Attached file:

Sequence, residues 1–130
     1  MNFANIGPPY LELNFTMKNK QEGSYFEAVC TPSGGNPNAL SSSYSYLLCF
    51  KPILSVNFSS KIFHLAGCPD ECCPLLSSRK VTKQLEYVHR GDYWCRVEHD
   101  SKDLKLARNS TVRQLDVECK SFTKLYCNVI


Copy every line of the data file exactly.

Sequence, residues 1–130
     1  MNFANIGPPY LELNFTMKNK QEGSYFEAVC TPSGGNPNAL SSSYSYLLCF
    51  KPILSVNFSS KIFHLAGCPD ECCPLLSSRK VTKQLEYVHR GDYWCRVEHD
   101  SKDLKLARNS TVRQLDVECK SFTKLYCNVI